Sam's Targets Latino Market With 'Mas Club'

Sam's Club, the warehouse-club sibling of Walmart, has set its sights on the booming Latino market. It has opened an experimental store in Houston with a distinctive Latin accent. It's called Mas Club. Alex Avila, a producer with the NPR show Latino USA, has the story.

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GUY RAZ, host:

Welcome back to ALL THINGS CONSIDERED from NPR News. I'm Guy Raz. Wal-Mart, the retail giant that also runs Sam's Club, is trying to grab a bigger slice of the booming Latino market, a market that's expected to top a trillion dollars next year. The latest experiment: a version of Sam's Club with a decidedly Latin accent.

Alex Avila, a producer for the NPR show Latino USA, went to the Houston store, which is dubbed Mas Club. Here's what he found.

ALEX AVILA: Close your eyes inside of the Mas Club superstore just 15 minutes north of downtown Houston, and it isn't hard to imagine yourself in a Mexican retail store like Soriana, a Wal-Mart-like chain found south of the U.S. border.

(Soundbite of security alarm)

AVILA: But look around and the setting seems much more American, like a Sam's Club. There's a reason for the similarity. Mas Club is the retail giant's latest and boldest step into the American Latino consumer market. And what exactly is Mas?

Ms. YVETTE GONZALES(ph) (Co-Manager, Mas Club): Mas is more, meaning that we basically have more of a selection. We have more imported product. Our imported product is coming from Mexico. We have more cafe, more meat, more bakery.

AVILA: That's Mas Club co-manager Yvette Gonzales pushing the English translation of the club's Spanish name. Mas also happens to be Sam spelled backwards, something Gonzales says is just a happy coincidence. The household products and frozen vegetables sold in bulk have a Sam's Club feel. But the suppliers have very Mexican names, Del Valle(ph) instead of Green Giant, for example.

You see, bilingual signs with Spanish more prominently displayed. There are bilingual product demonstrators and food testers. But there's also a Mexican bakery, a cut-to-order meat shop, a banking center and an onsite medical clinic. The store opened August 6th, and already has a cafe that draws a strong lunch following. You can order a hotdog or a pizza slice like you get in Sam's Club. But you can also order tacos, tamales or a plate of chicken rostisado(ph) with rice and beans.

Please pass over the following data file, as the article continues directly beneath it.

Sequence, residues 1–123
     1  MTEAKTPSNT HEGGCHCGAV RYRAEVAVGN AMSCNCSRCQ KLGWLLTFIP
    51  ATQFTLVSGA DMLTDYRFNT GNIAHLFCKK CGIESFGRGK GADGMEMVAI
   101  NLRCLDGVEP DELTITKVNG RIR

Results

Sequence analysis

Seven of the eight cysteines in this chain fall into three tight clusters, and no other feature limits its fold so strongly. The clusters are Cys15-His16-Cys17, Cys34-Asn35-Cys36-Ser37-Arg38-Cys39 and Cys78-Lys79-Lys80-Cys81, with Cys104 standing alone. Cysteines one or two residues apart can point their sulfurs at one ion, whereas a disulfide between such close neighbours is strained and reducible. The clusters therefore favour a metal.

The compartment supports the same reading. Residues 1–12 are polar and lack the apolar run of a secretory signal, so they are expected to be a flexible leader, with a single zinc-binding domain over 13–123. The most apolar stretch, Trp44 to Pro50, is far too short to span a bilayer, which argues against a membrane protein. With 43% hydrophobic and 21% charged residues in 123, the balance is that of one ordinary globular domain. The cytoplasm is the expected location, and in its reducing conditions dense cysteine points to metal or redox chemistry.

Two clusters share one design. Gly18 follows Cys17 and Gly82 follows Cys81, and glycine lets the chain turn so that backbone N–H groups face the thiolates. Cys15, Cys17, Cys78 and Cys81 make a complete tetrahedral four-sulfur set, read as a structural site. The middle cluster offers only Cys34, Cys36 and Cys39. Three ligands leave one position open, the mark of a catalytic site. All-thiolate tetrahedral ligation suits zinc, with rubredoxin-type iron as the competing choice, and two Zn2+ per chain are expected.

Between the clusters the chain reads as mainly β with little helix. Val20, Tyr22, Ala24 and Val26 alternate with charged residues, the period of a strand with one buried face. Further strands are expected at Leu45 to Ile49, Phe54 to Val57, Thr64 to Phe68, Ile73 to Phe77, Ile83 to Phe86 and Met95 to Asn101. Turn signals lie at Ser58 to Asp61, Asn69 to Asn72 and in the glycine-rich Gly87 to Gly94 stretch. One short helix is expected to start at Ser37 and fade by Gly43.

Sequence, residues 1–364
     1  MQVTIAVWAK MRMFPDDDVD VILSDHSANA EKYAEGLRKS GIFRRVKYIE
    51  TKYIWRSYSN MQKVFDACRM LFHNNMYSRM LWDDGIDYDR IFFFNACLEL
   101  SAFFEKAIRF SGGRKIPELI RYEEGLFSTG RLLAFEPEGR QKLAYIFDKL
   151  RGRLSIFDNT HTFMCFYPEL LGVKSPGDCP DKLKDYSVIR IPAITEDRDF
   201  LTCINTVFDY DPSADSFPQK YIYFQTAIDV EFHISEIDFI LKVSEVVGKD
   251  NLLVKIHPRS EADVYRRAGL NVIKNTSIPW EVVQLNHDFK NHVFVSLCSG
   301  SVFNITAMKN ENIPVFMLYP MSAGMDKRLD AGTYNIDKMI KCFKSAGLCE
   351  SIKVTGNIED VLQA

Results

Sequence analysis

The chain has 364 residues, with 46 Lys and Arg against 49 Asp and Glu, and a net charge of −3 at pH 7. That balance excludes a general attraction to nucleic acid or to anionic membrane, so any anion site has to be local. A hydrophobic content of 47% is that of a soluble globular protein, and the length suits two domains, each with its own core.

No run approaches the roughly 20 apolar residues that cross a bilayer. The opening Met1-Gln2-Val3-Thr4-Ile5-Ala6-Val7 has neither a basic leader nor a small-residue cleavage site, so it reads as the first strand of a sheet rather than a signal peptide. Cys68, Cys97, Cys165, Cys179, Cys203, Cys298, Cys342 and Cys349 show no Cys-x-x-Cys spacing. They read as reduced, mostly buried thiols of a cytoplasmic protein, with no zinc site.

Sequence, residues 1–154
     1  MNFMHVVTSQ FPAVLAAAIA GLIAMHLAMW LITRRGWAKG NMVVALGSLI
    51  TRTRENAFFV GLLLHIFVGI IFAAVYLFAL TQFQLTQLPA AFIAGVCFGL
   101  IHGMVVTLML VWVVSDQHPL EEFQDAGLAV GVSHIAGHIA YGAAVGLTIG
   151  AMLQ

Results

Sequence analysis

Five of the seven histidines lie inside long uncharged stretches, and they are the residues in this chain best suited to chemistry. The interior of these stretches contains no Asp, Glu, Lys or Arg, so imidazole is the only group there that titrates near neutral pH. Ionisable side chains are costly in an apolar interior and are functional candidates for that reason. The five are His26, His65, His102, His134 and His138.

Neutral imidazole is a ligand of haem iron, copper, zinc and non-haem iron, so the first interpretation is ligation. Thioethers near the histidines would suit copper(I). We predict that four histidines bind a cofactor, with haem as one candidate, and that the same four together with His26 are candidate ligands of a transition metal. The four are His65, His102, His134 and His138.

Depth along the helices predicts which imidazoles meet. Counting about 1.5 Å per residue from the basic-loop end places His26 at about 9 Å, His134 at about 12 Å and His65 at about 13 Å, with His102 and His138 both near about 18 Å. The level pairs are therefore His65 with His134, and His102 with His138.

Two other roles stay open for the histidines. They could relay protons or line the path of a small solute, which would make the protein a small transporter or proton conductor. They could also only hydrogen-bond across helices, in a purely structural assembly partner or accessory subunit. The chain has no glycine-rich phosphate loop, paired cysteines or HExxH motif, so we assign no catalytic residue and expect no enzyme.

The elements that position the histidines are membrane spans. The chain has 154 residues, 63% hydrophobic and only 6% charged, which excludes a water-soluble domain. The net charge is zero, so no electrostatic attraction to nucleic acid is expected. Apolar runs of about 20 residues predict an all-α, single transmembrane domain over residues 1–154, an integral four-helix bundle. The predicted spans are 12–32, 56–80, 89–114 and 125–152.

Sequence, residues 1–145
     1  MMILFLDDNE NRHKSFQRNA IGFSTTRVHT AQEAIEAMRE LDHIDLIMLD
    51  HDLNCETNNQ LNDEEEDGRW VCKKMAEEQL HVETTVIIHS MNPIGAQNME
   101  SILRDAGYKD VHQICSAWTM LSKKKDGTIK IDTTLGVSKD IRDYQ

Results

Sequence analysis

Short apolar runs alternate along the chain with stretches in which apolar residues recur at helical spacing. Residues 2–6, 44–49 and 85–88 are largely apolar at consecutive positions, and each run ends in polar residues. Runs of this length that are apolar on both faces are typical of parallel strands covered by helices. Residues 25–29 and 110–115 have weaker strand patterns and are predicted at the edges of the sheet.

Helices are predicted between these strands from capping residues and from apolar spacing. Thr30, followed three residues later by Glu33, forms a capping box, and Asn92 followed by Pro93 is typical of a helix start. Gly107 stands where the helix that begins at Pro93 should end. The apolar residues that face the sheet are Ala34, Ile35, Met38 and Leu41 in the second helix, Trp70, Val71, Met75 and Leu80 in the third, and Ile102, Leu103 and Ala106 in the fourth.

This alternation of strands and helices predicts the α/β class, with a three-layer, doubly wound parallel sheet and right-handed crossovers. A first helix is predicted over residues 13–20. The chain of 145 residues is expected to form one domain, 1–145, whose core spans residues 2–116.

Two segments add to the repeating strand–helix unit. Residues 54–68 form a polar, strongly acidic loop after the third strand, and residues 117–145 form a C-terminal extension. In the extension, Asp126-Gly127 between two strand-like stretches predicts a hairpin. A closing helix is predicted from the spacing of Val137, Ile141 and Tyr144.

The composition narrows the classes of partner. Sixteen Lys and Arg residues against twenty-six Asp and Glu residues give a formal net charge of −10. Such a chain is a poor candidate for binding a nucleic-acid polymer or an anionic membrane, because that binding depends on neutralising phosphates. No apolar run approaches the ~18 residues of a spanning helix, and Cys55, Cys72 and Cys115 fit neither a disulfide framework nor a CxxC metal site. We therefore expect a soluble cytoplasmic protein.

Bakery team leader Anthony Argos(ph) operates a mechanized press attached to an oven with conveyor belts that cranks out 30 to 40,000 tortillas daily.

Mr. ANTHONY ARGOS (Bakery Team Leader, Mas Club): All fresh tortillas. We also fry our own chips here. We sell out of tortillas every single day, cannot keep them in stock. We come in at five in the morning, until closing at night. As soon as they come out of the conveyor belt, we package them, and the customers are waiting for them, they just take them. We don't have anything on-shelf because they're going that fast.

AVILA: That Houston would be a test market for the Mas Club concept doesn't surprise many analysts. One-third of the city's population is Latino, and no one ethnic group makes up the city's majority. And around the neighborhood where the store is located, many of the goods and services found in Mas Club already exist.

A couple of miles away, Fiesta Mart, a Houston-based grocer, offers many of the same products as Mas Club. Mexican bakeries, tortilla products and specialty stores are easy to find and almost all of them offer some kind of banking and money transfers.

So does taking what's already in the neighborhood and bringing them under one roof make business sense?

Mr. EDWARD WELLER (Financial Analyst, Think Equity): Wal-Mart's been doing exactly that for 30-some years, I guess 40 years. And the answer is, from Wal-Mart's point of view, certainly yes.

AVILA: Edward Weller is the financial analyst for Think Equity, a market research group based in San Francisco.

Mr. WELLER: And that's the way they offer the customer convenience and low prices and speed and ease. That's the whole point of what Wal-Mart does, or the whole point of what Wal-Mart perceives it does in the way it adds value to the overall shopping experience.

AVILA: And convenience is what appears to draw new members to the store. Graziella Primeva(ph) visited Mas Club during her lunch hour with some co-workers. She returned later with her husband, Jorge(ph), ready to pay the $30 annual membership fee.

Are you Sam's members?

Ms. GRAZIELLA PRIMEVA: Yes.

AVILA: But you're joining Mas?

Ms. PRIMEVA: Yes.

AVILA: Why?

Ms. PRIMEVA: Well, because of the variety of Spanish products that they're...

AVILA: Why don't you just go to, like, Fiesta?

Mr. PRIMEVA: I don't care for Fiesta. I don't like their prices. I don't like the store setup either.

AVILA: And you?

Mr. JORGE PRIMEVA: I like big stores.

(Soundbite of laughter)

AVILA: Analysts say there may be some risks on taking a known commodity like a Sam's Club store and re-branding it for a niche market. And it's much too early to tell if the Mas Club experiment will result in more Mas Club superstores. But if it works, the company is eyeing another huge Hispanic market in Arizona.

Alex Avila, NPR News, Houston, Texas.

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